Malicious Wounding / Maiming (Va. Code §18.2-51)
Violent felony offenses in Virginia can be broken down into two main categories: those which involve a death and those which do not involve a death. This will touch on a few of Virginia’s violent crimes which do not involve a death.
In Virginia, wounding someone with the intent to permanently injure or kill is an extremely serious felony offense. Depending upon the nature of the injuries inflicted, and whether the assailant acted in the heat of passion after being provoked or incited, the appropriate charge can range from Aggravated Malicious Wounding (maximum life in prison), Malicious Wounding (maximum 20 years in prison), or Unlawful Wounding (maximum 5 years in prison).
If you’ve been charged with Aggravated Malicious Wounding, Malicious Wounding, Unlawful Wounding, Assault and Battery or some other Criminal Offense, it’s critical that you contact an experienced, aggressive, Criminal Defense Attorney immediately. Call The Wilson Law Firm and put our Criminal Defense Lawyers to work for you. Toll free 877-CRIM-LWYR or 703-361-6100.
Malicious Wounding / Maiming: (See Va. Code § 18.2-51)
In Virginia, Malicious Wounding is maliciously wounding another with the intent to kill or permanently injure that person.
Use of fists and knees can be sufficient – use of a weapon is not necessary.
Malice refers to an intentional wrongful act against another without excuse and may result from motives such as anger, hatred or revenge. If the act is committed in the heat of passion, that may serve to negate the malice, which is important because without malice, one cannot be guilty of Malicious Wounding. However, even in the absence of malice, one can still be prosecuted for the felony offense of Unlawful Wounding.
Aggravated Malicious Wounding: (See Va. Code § 18.2-51.2)
If victim of a Malicious Wounding is severely injured and suffers permanent and significant physical impairment, the crime is elevated to one of Aggravated Malicious Wounding, for which a person can be sentenced to life in prison.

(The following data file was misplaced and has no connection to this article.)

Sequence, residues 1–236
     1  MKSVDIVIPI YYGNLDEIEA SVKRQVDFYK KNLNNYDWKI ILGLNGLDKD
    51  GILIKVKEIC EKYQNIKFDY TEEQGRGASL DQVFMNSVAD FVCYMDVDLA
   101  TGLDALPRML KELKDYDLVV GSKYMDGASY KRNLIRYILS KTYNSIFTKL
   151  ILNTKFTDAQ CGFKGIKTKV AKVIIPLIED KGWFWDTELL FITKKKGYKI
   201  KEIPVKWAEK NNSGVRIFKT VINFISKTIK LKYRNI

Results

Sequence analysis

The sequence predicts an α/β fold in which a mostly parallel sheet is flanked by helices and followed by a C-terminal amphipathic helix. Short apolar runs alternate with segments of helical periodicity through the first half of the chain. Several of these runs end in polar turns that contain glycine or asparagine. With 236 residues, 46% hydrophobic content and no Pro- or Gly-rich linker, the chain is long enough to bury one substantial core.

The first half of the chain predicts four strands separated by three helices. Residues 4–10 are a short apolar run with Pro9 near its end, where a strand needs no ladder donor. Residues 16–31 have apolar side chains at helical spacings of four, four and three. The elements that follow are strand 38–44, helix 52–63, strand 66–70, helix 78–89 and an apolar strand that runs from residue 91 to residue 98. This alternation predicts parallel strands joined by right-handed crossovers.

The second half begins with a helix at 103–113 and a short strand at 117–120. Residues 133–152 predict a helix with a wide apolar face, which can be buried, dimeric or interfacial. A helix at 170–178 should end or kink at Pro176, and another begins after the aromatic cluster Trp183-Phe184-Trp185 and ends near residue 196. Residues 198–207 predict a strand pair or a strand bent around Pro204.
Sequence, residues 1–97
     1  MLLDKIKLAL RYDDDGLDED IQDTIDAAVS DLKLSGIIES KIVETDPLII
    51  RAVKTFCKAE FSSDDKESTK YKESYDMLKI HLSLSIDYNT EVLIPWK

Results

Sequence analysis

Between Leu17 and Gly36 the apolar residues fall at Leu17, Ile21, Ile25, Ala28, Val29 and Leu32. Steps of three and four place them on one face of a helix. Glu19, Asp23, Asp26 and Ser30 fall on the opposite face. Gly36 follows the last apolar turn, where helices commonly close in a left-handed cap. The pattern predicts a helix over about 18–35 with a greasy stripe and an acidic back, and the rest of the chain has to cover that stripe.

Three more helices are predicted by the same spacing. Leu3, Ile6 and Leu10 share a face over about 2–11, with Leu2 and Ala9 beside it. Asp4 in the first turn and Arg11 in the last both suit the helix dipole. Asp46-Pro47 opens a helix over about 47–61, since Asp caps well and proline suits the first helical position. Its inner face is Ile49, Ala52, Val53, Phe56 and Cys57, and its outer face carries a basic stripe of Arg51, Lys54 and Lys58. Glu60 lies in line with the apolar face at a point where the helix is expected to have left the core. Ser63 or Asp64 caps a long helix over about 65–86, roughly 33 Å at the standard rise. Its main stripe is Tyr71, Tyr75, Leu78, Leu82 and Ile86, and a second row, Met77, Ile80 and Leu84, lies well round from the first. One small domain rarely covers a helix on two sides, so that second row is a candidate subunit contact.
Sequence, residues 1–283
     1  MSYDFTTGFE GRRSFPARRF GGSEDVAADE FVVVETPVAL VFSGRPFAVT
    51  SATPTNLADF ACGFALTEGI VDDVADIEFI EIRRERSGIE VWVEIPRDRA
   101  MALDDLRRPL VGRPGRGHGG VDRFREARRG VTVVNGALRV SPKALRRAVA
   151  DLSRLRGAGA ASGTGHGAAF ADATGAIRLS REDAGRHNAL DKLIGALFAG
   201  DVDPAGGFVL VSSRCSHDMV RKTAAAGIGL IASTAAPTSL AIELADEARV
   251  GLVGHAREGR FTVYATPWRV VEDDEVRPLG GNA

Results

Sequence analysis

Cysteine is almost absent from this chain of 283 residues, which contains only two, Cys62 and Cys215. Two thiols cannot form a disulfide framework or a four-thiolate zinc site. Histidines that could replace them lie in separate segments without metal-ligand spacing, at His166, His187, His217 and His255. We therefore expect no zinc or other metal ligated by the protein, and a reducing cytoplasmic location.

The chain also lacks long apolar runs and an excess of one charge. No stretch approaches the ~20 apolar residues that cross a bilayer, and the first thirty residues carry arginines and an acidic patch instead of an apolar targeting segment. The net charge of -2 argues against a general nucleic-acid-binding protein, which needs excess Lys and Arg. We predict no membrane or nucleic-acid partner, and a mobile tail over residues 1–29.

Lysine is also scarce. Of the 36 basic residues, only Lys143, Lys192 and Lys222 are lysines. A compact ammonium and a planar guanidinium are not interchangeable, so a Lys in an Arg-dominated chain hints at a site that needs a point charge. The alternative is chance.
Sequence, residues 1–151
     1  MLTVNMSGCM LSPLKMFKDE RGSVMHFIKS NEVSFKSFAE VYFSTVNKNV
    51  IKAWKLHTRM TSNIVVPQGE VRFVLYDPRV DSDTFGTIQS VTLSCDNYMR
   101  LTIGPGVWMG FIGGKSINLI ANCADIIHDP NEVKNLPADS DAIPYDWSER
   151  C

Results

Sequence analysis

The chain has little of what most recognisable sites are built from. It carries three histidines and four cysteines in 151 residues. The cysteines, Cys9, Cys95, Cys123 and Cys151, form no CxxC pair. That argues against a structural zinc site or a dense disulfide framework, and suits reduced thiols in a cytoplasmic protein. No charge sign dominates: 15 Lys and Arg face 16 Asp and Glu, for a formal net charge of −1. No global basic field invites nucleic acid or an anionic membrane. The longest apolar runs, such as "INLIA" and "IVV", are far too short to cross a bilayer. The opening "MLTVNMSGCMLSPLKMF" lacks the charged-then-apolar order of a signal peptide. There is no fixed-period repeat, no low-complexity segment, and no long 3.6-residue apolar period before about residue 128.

Unlawful Wounding: (See Va. Code § 18.2-51)
Unlawful Wounding is a lesser included offense of Malicious Wounding. Unlawful Wounding shares all of the same elements as Malicious Wounding, except malice itself.
Protected Victims: (See Va. Code §18.2-51.1)
Both Malicious Wounding and Unlawful Wounding felony charges may be enhanced, including significant mandatory minimum jail times, if they involve victims from certain protected groups such as law enforcement officers, firefighters, emergency medical services personnel, etc.
Assault and Battery: (See Va. Code §18.2-57)
Battery (often referred to as Assault and Battery) is a misdemeanor, lesser included offense of Malicious Wounding and it refers to the unlawful touching of another. Any intentional touching of another, without legal justification or excuse, which is done in a rude, angry or vengeful manner is an Assault and Battery.
Contact A Criminal Defense Attorney Today
If you have been charged with any of the violent offenses discussed above, or any other Misdemeanor or Felony Criminal Offense in Virginia, call The Wilson Law Firm and put our experienced Criminal Defense Lawyers to work for you. Call us at (703) 361-6100 to learn about your options, click here to download our free book The DUI/DWI Arrest Survival Guide! or start a chat right now